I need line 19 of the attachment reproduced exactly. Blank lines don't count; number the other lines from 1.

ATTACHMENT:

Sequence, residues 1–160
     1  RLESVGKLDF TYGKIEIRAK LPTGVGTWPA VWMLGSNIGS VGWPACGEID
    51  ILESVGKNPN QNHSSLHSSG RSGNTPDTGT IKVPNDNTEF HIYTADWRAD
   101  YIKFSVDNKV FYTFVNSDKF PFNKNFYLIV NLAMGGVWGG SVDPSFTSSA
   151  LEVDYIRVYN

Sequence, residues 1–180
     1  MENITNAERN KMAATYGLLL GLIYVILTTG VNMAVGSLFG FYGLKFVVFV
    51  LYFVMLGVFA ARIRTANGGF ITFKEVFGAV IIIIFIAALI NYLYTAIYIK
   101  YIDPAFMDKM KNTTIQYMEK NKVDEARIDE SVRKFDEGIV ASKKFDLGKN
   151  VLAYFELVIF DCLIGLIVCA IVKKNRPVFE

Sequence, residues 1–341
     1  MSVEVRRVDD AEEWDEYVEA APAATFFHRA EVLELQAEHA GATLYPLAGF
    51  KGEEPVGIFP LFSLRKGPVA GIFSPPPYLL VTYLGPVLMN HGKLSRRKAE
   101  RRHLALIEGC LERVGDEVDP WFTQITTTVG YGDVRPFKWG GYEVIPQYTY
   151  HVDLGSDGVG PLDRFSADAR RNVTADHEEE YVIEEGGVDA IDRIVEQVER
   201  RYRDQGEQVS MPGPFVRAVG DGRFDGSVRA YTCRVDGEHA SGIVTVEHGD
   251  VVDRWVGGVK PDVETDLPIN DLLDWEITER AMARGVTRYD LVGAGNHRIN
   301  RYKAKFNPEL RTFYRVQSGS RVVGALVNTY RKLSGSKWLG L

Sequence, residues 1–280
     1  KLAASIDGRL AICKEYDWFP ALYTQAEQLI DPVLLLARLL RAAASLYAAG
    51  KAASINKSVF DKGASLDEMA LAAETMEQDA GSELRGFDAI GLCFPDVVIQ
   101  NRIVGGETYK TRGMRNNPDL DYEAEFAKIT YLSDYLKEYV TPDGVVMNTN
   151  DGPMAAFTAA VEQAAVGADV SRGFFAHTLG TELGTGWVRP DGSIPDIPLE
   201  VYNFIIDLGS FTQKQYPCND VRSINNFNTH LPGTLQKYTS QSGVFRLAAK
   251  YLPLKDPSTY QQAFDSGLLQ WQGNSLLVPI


Sequence, residues 1–280